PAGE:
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Where in the World?

Posted on April 18, 2017 in Travel Trivia

The rugged lava fields that surround the village of Heimaey are a constant reminder of a disaster that could have been much worse.

Question: Where in the world did a five-month-long volcanic eruption destroy a village—and leave it safer than ever?

Answer: Heimaey, Iceland’s Westman Islands.

In January of 1973, a volcano dormant for 5,000 years suddenly erupted, with lava descending onto the seaside village of Heimaey. The majority of residents, awoken by fire engine horns, fled to the harbor where fishing boats were tied up for the night. They escaped to safety, returning months later to find most of their homes destroyed by lava or ash.

Those who remained worked constantly to save their harbor from encroaching lava by blasting it with huge jets of water, continually cooling it into rock. The rock turned into a barrier holding back more lava, and by the time the event ceased in July, that barrier had become a seawall that actually protected the village from the harsh weather coming off the ocean as well. It is now considered one of the safest harbors in Iceland.

Today, the Eldheimar Museum offers a window into the so-called “Icelandic Pompeii,” where excavated houses show how time in Heimaey stood still. But even more dramatic is the island’s geography itself, an ever-present reminder of the events of 1973: you can see how close the foreboding mass of lava came to cutting off the harbor entirely; and Eldfell Volcano, formed in the eruption, looms in the distance. It’s a hauntingly beautiful testament to the power of nature—and to a village’s will to survive.

Fascinating Facts about Volcanic Iceland

  • Iceland has hundreds of dormant volcanoes, but just 30 active volcanoes, of which only a baker’s dozen have erupted in recorded history.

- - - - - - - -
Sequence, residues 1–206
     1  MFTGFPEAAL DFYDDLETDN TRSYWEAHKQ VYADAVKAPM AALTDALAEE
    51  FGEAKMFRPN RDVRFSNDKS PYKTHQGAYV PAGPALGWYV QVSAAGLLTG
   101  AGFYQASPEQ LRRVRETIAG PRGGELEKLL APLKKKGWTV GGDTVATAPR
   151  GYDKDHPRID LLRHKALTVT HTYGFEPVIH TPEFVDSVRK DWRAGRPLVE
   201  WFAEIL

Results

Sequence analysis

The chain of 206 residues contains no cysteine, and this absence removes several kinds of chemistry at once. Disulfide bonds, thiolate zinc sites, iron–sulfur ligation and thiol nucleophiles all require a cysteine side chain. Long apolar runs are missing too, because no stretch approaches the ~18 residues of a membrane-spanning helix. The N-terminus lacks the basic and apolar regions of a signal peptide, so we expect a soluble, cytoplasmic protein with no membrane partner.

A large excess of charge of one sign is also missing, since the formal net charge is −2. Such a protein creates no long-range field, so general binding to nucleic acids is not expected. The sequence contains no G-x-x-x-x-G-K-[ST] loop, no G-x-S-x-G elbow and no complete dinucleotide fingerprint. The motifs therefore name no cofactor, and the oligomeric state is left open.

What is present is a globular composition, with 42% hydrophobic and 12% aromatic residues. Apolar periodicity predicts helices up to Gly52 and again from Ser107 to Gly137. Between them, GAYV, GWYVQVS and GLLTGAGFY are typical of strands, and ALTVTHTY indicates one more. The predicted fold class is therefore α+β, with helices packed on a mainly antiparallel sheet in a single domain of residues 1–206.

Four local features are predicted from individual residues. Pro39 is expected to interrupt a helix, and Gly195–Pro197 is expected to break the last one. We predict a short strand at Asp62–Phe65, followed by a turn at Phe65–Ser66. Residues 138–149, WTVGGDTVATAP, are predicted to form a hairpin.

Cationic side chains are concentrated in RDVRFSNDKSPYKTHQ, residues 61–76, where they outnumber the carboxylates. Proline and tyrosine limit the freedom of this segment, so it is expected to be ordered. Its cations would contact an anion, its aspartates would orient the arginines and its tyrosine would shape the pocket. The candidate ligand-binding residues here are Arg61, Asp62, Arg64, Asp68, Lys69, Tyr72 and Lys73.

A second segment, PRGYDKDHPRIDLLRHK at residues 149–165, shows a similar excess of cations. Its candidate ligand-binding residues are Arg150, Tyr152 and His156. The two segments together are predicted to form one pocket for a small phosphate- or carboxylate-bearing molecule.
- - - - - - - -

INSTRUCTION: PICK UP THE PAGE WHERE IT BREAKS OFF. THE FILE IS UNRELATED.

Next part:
• Iceland is so seismic, it is divided into four volcanic zones, plus three more “belts” that connect volcanoes of two or more zones.
  • It has so many volcanos because it sits atop the meeting of tectonic plates (the Mid-Atlantic Ridge) and above a geological hot spot, a combination that dramatically increases the likelihood of seismic activity.
  • The most massive eruption of Icelandic history was in 1783, which set off a row of craters and wiped out a quarter of the population, mostly due to illnesses from gas in the atmosphere and famine cause by poisoned livestock.
  • The 2010 Eyjafjallajökull eruption shot ash so far into the sky it affected European air travel for several weeks.
  • Icelandic people have two names for lava fields to help distinguish what a hiker can expect: helluhraun is what they call lava that has cooled smoothly and can be walked on easily; but if it has hardened into a spiny, jagged surface bad for hiking, they call it apalhraun.
  • The Mid-Atlantic ridge that yields so much activity is a 24,000-mile crack in the ocean floor separating Europe and North America. The ripping open of this massive seam 25 million years ago is said to have set off the first eruption in Iceland.
  • A third of all lava that has been expelled onto the surface of the earth in the past 1,500 years has been in Iceland.
  • All this seismic activity yields terrific amounts of geothermal energy. As a result, clean and inexpensive geothermal energy provides home heating for 90% of all housing in Iceland, a true gift from the land.

Experience Helmaey and the Eldheimar Museum during the Westman Islands pre-trip extension of our Untamed Iceland adventure. See some of Iceland’s most famous geologic treasures in this film:

Courtesy CNN

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